A final attempt to sweep a channel through the Kephez minefields was made on the night of 13/14 March. If this attempt failed it would be necessary for the minefield batteries to be destroyed before sweeping resumed. The battleship Cornwallis bombarded searchlights and minefield batteries, followed by Amethyst and destroyers at closer range. Again seven trawlers steamed up in line astern. The sweepers were illuminated by two searchlights and the Turks held their fire until the sweeping flotilla was in the middle of the minefields. Even with all available guns brought to bear on the trawlers they managed to reach their turning point just up from Kephez Point. The damage to the sweepers was so heavy that only one pair of sweepers had a serviceable sweep. This pair of sweepers swept through several mine lines. About four mines were snagged and their moorings parted after being dragged together. Picket boats parted the mooring of more than eight mines, and over 12 drifting mines were located on 14 March. Amethyst provided support from near the southern mine line and was hit by a heavy shell that killed 24 men.
A bombardment of the inner forts and minefield batteries was planned for 18 March, followed by sweeping of a channel near the eastern shore through the mine lines up to Kephez Point. This would enable ships to enter the bay north of Kephez Point and engage the seven forts near The Narrows. On 16 March ill health forced Admiral Carden to hand over command to acting Vice Admiral de Robeck who had commanded the inshore bombardment squadron as a rear admiral. The intended bombardment area was swept on the nights of 14/15, 15/16 and 17/18 and seaplanes unsuccessfully searched for mines in this area. Four mines were located by the sweepers and, being the only mines located, were thought to be from the southern five mine lines laid earlier.
The bombardment on 18 March was by the dreadnought Queen Elizabeth, the battle-cruiser Inflexible and ten pre-dreadnought battleships. They were deployed in three lines, Line A (British), French Line B (FB) and British Line B (BB) as well as four RN battleships as supporting ships on the flanks. The initial formation is shown in Figure 1 (note the subsequent turns to starboard) and the ships identified in the appendix. There were also two RN battleships in reserve, Canopus and Cornwallis.
With three exceptions the twelve ships in the three lines had a main armament of four 12-inch (305 mm) guns. Queen Elizabeth had eight 15-inch (381mm) guns, Inflexible had eight 12-inch (305 mm) guns, and Bouvet had two 12-inch (305 mm) and two 10-inch (274 mm) guns as main armament. With the exceptions of Queen Elizabeth (1913), Inflexible (1907) and the two Lord Nelson class (1906) the bombardment ships were built in 1895-1899. Mines were only regarded as a real threat until they sank a number of ships, including four battleships, during the Russo-Japanese War of 1904-1905. Battleships built in 1895-1899 were therefore vulnerable to mines (and torpedoes).
On 18 March Line A was preceded by the destroyers HM Ships Chelmer and Colne towing an improvised light sweep for snagging mines. Line A commenced the bombardment at 1125 with a picket boat proceeding ahead of each ship to sink drifting mines with its 3 pounder. At 1206 French Line B under Admiral Guepratte passed through Line A to engage at closer range. HMS Agamemnon and the French ships Inflexible, Bouvet, Gaulois and Suffren were badly hit during this initial bombardment. Gaulois had to be beached near Rabbit Island. By 1345 the forts were practically silent and Vice Admiral de Robeck ordered French Line B to retire and be replaced by British Line B. At 1354 Bouvet was following Suffren out of the Straits when she hit one of the remaining 16 of Nusrat’s mines. She sank within a few minutes, losing 635 men out of her complement of 670. The action was continued by British Line B, with HM Ships Albion and Vengeance on the western side of the Straits and HM Ships Ocean and Irresistible on the eastern side near Nusret’s mines. At 1611 Inflexible hit a mine, and was very badly damaged. (She managed to reach shallow water at Bozcaada (Tenedos) Island for temporary repairs before being sent to Malta, and then to Gibraltar, for permanent repairs. Only three minutes later Irresistible struck a mine, to be followed by Ocean hitting a mine at 1805. Both battleships sank during the night. Nousret’s 20 mines resulted in the sinking of three battleships and the beaching of another two. This damage far exceeds the damage for any other mining mission in the history of mine warfare – noting that battleships in WW II had much superior protection against mines and none were sunk by them.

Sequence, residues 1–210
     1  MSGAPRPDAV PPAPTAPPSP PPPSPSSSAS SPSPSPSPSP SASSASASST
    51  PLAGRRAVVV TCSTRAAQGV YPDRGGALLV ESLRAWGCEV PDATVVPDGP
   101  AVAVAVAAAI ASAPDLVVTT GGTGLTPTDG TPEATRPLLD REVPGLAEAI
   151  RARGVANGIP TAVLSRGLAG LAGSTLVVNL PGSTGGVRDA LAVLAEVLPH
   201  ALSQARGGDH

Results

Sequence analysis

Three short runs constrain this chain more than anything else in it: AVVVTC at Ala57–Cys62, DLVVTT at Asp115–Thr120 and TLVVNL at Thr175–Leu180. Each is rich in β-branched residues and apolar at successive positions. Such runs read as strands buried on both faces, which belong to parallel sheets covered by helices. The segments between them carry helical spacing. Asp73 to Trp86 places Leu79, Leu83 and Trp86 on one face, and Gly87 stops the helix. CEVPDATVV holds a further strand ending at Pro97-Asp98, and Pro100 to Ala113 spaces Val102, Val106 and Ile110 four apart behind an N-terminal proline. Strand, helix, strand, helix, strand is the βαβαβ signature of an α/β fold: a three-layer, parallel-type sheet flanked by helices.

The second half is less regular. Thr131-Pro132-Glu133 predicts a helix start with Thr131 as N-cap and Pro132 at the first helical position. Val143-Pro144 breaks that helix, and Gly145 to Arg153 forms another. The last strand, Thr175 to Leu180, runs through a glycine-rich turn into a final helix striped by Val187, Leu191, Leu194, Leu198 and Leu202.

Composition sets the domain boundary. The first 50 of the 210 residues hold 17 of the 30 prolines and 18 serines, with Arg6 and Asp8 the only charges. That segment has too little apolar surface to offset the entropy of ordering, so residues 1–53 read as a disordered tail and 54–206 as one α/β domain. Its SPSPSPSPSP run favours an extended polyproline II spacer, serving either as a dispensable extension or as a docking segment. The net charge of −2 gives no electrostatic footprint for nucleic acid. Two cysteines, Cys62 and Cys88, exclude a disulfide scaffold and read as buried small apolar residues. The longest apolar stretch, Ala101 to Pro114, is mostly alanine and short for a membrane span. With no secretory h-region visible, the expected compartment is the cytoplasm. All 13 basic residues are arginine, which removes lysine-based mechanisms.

The forts in The Narrows had been severely battered at great cost but not put out of action, while the minefields near Kephez Point were still virtually intact. A conference was held on board Queen Elizabeth on 19 March with senior Army officers, including General Sir Ian Hamilton, Commander in Chief of the Army. Vice Admiral de Robeck stated that he had abandoned any idea of renewing the naval attack until an Army occupation of the Gallipoli Peninsula could ensure safe passage of the Fleet though the Dardanelles. The Allies then invaded the peninsula, including the ill-fated ANZAC landing at Gallipoli.
1 Strachan, H, The First World War, Simon and Schuster, London, 2003, Ch.4, p. 16.
2 Gooch, J, The Plans of War: The General Staff and British Military Strategy, c. 1900-1916, Routlege and K Paul, London, 1974, p. 259. cited by Strachan, The First World War, Ch.4, p. 16.
3 James, R, Gallipoli, Basingstoke, 1989, cited by Strachan, The First World War, Ch.4, p.16.
‘Minelayer Nusret’, www.cityofart.net/bship/turc_nusret.html (25 November 2014)
‘Naval operations in the Dardanelles Campaign’. en.wikipedia.org/wiki/Naval_operations_in_the_Dardanelles_Campaign (4 November 2014).
Strachan, H, The First World War, Simon and Schuster, London, 2003.
TAFFRAIL, Swept Channels – being an account of the work of the minesweepers in the GreatWar, Hodder and Stoughton, London, 1935.
‘The history of the Russian Navy. The Russo-Japanese War’,
<www.navy.ru/history/hrn10-e.htm> (14April 2005).
Restored Nusret on display as a museum ship at Tarsus, Turkey
Warships in Figure 1
Location No. Ship Class Tonnage
Line A 1 HMS Queen Elizabeth Queen Elizabeth 31,500
2 HMS Agamemnon Lord Nelson 17,700
3 HMS Lord Nelson Lord Nelson 17,700
4 HMS Inflexible Invincible 20,080
Line FB 5 FSGaulois Charlemagne 11,097
6 FS Charlemagne Charlemagne 11,097
7 FS Bouvet Bouvet 11,817
8 FS Suffren Iena/Republique 12,236
Line BB 9 HMS Vengeance Canopus 12,950
10 HMS Irresistible Formidable 14,685
11 HMS Albion Canopus 12,950
12 HMS Ocean Canopus 12,950
Flank 13 HMS Triumph Swiftsure 12,175
14 HMS Swiftsure Swiftsure 12,175
15 HMS Prince George Majestic 15,810
16 HMS Majestic Majestic 15,810